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Is Catherine Earnshaw a Nineteenth Century Heroine?

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Introduction

´╗┐Cathy is a nineteenth century heroine. * With reference to appropriately selected parts of the novel, and relevant external contextual information, give your response to the view above. By definition, a heroine is a woman who would typically encompasses the qualities of nobility, courage, independence and strength. Nineteenth century English women would have struggled to accomplish any of these particular acts of heroism within their social environment as ultimately, their roles within civilisation saw them becoming a good wives and mothers and before that, obliging and caring daughters. Catherine Earnshaw appears to begin her life free-spirited, rebellious and with a wild nature. However, her inner desire craves social ambition which, in turn, shows her slowly representing culture and civilisation. Cathy certainly displays some of those characteristics which are present in a nineteenth century heroine in the early stages of the novel, such of that as rebellion and the desire to reject the conformities expected of her. ...read more.

Middle

Cathy?s father then states how she is a hateful child, ?I cannot love thee? Go say your prayers, child, and ask God?s pardon.? Although these too are examples of how Cathy possesses attributes of a nineteenth century heroine in the aspect that she is rebellious, they also exploit her arrogance and ignorance, qualities that were perhaps less common in these heroines. However, to counter this, the text also states that she became ?hardened? by her father?s statements against her which may attribute to why she is arrogant and obscene. This may cause the readers to pity her and continue to hold her as a hero despite this. Cathy?s independence as a woman and strength would have been highly appealing to nineteenth century readers as in this era, women were seen as possessions rather that and individuals. As a six year old, she asks her father for a whip as despite her young age, ?she could ride any horse in the stable?. ...read more.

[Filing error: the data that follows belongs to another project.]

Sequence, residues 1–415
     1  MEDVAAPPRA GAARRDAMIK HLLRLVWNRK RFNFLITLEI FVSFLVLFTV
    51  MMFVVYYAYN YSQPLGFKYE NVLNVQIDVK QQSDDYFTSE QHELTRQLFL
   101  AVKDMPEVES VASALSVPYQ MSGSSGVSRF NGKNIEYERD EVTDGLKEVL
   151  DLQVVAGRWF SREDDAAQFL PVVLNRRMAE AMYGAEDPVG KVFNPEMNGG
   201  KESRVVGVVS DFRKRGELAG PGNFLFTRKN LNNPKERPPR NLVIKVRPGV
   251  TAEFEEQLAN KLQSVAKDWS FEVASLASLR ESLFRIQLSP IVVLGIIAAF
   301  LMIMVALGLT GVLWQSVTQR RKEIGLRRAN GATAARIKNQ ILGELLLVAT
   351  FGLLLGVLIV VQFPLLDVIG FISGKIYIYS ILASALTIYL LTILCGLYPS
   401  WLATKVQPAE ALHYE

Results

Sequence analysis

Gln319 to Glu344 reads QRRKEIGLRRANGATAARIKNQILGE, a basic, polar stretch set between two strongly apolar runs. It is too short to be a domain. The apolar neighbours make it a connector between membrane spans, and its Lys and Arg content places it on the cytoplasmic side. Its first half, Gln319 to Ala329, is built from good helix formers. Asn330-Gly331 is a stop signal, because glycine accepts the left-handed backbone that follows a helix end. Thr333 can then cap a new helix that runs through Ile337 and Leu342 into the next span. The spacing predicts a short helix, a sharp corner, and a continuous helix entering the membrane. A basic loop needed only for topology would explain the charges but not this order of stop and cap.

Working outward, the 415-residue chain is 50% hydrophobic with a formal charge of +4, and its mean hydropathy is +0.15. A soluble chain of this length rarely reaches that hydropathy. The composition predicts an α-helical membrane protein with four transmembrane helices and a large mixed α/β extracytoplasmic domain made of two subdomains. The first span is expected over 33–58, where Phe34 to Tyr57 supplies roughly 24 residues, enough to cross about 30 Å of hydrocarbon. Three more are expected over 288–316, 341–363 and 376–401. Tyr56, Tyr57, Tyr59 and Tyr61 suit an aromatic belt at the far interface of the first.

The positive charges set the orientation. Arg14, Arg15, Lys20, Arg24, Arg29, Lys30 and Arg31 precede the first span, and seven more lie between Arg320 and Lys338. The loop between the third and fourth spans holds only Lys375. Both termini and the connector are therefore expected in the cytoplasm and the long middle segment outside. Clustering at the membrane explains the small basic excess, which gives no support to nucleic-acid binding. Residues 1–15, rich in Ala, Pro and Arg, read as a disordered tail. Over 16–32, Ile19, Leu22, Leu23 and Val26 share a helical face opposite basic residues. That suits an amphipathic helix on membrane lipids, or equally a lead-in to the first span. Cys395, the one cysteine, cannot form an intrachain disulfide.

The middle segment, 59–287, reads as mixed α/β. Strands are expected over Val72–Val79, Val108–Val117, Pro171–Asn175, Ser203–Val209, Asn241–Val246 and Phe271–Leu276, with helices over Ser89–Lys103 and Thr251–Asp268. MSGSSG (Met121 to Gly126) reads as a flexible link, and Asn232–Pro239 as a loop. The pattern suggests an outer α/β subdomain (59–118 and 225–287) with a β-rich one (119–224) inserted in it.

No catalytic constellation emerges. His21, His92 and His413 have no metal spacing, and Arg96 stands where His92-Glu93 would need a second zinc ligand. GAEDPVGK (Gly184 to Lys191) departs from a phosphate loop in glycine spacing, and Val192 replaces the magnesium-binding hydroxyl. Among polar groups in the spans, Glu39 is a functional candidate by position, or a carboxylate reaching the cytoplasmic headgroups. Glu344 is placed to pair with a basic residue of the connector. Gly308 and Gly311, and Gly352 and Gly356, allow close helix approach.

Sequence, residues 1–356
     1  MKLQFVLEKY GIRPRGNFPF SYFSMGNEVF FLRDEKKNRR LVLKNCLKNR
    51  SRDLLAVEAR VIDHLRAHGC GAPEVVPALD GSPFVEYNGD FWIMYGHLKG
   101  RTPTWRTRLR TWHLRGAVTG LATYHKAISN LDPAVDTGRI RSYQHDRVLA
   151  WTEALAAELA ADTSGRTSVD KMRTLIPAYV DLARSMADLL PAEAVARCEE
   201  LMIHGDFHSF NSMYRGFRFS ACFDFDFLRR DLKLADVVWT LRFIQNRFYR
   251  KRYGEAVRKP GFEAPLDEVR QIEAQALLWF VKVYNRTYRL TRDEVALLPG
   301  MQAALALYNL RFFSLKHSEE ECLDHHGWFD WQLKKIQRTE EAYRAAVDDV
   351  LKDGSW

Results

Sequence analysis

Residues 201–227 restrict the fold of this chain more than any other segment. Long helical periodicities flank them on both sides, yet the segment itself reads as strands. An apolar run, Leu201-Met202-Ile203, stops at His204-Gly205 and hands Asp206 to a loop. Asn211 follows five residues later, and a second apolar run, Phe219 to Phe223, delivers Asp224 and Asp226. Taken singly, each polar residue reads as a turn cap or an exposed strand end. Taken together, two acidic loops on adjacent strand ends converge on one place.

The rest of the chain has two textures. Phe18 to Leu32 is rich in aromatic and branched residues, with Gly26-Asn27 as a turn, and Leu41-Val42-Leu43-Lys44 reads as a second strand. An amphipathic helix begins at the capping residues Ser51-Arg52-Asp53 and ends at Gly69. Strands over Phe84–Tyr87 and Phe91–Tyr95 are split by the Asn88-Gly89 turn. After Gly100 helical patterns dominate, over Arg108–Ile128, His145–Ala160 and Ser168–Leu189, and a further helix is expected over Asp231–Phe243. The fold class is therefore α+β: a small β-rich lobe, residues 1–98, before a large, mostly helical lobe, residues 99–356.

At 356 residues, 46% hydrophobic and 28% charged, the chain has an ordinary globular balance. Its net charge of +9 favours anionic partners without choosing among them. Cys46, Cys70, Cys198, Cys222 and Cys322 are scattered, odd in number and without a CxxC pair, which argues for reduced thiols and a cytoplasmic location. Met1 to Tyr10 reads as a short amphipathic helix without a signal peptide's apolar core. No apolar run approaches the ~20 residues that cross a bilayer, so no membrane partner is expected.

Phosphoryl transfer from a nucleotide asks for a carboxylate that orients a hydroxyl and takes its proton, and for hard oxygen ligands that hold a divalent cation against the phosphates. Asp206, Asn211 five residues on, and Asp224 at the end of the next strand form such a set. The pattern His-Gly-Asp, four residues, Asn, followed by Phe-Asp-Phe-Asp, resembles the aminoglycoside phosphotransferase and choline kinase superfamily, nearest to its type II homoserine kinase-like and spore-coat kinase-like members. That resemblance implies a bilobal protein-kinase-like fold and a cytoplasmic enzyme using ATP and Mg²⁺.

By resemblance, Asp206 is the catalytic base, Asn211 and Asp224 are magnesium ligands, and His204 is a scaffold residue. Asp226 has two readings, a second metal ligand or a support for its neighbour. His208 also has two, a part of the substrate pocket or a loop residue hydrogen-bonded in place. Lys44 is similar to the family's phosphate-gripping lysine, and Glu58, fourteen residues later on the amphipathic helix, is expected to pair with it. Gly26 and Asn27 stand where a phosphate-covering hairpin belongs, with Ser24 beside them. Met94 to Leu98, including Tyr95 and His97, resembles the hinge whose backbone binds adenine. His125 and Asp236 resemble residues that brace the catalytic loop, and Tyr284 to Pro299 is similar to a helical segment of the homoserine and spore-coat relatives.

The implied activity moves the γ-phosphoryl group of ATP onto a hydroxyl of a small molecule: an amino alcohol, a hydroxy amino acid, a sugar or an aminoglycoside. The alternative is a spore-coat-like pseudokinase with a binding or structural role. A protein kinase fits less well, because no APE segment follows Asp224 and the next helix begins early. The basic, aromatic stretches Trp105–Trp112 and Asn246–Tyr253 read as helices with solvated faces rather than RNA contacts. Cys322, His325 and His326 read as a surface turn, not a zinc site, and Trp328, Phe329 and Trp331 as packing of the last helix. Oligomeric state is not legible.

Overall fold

Conclusion

Her education at the Grange has secured that the manners of a lady have been forced upon her as well as the conformities of a woman. Once married to Edgar, Catherine strives to maintain her independent status but the social rules indoctrinated in society leave her trapped, as once a woman married she became a possession. All her personal property became her husbands, including her body. Given the patriarchal nature of culture, it is not surprising that her marriage is what has diminished her capacity for freedom and individuality, which is why Catherine may not be viewed as a nineteenth century heroine as she has fallen to society and conformed to the patterns of it. Considering this, I believe that predominantly, Catherine Earnshaw is not a nineteenth century heroine as she ultimately allows herself to fall victim to the norms and regulations of society and all those characteristics that are mutual of her and of a heroine in the nineteenth century can also be attributed to her arrogance, cruelty and lack of regard for the feelings and well-being of others; in particular, Heathcliff. ...read more.

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